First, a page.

Details of Thesis

Title An Investigation of the Linkages Between Leadership, Learning and Student Engagement
Author Campbell, Brad
Institution Australian Catholic University
Date 2011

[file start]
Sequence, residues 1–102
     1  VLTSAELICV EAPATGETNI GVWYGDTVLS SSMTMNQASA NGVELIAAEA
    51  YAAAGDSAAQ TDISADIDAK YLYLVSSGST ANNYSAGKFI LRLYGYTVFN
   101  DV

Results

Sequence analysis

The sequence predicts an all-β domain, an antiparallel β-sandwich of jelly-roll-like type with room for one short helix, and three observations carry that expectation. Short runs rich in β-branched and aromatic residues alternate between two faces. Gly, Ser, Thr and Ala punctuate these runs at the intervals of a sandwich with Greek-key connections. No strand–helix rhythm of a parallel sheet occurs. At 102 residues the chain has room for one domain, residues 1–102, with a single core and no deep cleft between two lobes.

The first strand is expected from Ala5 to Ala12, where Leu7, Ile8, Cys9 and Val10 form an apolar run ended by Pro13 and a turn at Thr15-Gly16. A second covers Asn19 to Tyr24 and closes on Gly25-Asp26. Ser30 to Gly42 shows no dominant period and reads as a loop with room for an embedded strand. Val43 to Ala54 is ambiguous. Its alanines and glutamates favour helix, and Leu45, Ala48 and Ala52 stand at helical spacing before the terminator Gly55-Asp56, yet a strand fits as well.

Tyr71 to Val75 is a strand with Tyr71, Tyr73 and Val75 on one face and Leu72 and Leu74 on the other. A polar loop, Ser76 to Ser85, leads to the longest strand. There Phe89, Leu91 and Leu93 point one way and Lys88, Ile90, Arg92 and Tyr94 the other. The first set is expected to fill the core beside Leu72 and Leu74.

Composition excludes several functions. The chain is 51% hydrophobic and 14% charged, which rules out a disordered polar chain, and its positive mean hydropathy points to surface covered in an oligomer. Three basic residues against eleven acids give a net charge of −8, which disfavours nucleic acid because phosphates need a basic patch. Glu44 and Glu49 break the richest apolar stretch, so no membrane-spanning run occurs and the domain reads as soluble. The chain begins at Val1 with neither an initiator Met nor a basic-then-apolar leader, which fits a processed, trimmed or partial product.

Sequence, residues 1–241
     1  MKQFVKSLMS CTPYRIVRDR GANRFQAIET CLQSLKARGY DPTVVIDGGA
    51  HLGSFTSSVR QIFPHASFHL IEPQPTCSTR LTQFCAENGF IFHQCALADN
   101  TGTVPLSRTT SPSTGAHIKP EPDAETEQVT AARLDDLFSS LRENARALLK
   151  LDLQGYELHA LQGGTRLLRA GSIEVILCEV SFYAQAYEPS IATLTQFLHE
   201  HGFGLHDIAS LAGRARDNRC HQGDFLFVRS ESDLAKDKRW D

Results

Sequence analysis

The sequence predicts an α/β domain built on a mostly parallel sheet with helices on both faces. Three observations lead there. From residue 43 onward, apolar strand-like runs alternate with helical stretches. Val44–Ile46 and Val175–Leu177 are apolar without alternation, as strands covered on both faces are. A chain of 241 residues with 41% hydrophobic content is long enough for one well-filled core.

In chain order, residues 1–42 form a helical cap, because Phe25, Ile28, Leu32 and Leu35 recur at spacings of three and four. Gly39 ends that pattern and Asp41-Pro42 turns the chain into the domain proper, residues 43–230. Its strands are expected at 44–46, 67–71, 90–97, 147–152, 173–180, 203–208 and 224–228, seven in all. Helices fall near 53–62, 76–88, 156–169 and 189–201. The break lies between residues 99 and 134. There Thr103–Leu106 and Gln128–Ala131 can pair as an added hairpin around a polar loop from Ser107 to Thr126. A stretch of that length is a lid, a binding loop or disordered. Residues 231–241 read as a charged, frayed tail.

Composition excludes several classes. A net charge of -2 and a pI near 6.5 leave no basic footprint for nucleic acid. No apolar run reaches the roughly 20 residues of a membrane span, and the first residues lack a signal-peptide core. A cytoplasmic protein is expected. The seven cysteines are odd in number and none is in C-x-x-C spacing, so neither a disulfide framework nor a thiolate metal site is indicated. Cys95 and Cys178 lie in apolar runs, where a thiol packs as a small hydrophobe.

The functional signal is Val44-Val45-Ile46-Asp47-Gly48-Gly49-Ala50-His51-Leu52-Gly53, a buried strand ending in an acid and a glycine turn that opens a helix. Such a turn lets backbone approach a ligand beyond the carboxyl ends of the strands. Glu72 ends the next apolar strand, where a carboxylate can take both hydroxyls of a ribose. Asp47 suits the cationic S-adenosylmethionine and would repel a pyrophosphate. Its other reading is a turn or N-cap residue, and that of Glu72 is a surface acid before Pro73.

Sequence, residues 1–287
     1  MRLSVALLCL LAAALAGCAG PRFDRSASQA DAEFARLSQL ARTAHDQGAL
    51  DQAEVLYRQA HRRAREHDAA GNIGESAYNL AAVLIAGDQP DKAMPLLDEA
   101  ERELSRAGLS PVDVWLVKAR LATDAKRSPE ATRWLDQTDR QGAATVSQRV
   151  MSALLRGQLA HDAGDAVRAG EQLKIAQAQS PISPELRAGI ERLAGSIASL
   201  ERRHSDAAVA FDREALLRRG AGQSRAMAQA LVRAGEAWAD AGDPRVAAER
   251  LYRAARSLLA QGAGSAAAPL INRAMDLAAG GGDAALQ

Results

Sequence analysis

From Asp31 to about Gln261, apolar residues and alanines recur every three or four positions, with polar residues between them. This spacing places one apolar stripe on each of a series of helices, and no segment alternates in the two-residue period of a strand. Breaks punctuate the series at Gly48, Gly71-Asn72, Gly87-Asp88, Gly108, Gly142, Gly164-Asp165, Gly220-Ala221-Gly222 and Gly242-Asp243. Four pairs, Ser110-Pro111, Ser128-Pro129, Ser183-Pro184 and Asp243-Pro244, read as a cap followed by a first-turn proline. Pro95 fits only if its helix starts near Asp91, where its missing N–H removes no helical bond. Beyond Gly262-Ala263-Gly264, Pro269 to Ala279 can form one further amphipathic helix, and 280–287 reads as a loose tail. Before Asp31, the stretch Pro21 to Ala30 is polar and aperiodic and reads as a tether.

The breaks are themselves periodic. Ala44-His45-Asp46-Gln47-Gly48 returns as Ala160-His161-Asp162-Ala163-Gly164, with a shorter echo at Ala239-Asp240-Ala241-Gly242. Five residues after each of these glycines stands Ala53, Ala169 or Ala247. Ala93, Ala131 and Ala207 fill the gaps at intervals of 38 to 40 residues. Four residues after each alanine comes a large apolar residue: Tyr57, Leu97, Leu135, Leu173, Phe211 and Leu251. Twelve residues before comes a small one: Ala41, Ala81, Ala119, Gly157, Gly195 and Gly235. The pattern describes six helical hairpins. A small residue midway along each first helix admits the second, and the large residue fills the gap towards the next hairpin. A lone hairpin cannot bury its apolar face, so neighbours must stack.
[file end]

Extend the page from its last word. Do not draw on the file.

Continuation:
Abstract Education, or specifically, the nature of the learning experiences occurring in the classrooms of today, has been a fertile area for researchers and commentators as the discourse engages with the need to provide authentic learning experiences for students of the 21st century. This study explored the experiences of participants in a change project conducted in a Catholic secondary and primary school. The project entitled InteL, (an abbreviation of Integrated Learning), was part of a larger venture involving the Australian Catholic University and a further eight schools in four Catholic Dioceses across New South Wales. This venture was called Leaders Transforming Learning and Learners (LTLL). Using InteL as its base, this study examined the linkages between leadership and learning as it affected student engagement in two schools. The research is significant because it explored the relationship between leadership, learning and student engagement. This study looked at a broader definition of leadership which moved beyond the formal school leadership of the Principal or the Assistant Principal to leadership that was both distributed and transformative in nature (Crowther, 2004; Fullan, 2003b; Harris, 2005, 2008, 2009a; Leithwood and Jantzi, 2005a). It explored the impact of leadership on authentic learning experiences and student engagement. The focus was on leadership for learning. The emphasis was on an investigation of leadership that had an impact on and increased the engagement of students through authentic learning experiences. The conceptual framework derived from the literature drives the research through the discovery of the participants' experiences in the InteL project. The framework grew from the scholarly literature reviewed and coalesced around the central concepts of authentic learning, leadership, beliefs and values expressed as spirituality and moral purpose, shared vision and sustainability. The research paradigm used in this study was that of interpretivism and the epistemology was constructionism. The theoretical perspective of symbolic interactionism was appropriate for this study because of the creation of meaning through social interaction. As a research method, case study was used because it allowed the researcher to explore the experiences of the participants in their own context. Data was initially collected in a questionnaire and subsequently through focus group interviews, observations and document analyses throughout 2007 and through professional discussion. Ongoing professional dialogue with some of the participants benefited this study by maintaining a more current perspective throughout 2008 and 2009. Theory grounded in these data has informed the findings and resulted in recommendations for future directions. The conceptual framework of this study was used to present the data. As such, the constructs of leadership, beliefs and values expressed as spirituality and moral purpose, vision and sustainability were used to discuss their impact on the creation of authentic learning experiences in a high school and a primary school. The findings of this research and the recommendations that flow from it are detailed in Chapter 6. This information is structured around the original concepts that shaped this study: leadership, learning and student engagement. Under the heading of leadership it is suggested that a different construct of leadership called "connecting leadership" is required to react to the needs of today's learners. A new conceptual framework was developed to more adequately explain how authentic learning experiences could be created in school environments. Following from this, the implications for schools, systems and universities are outlined.
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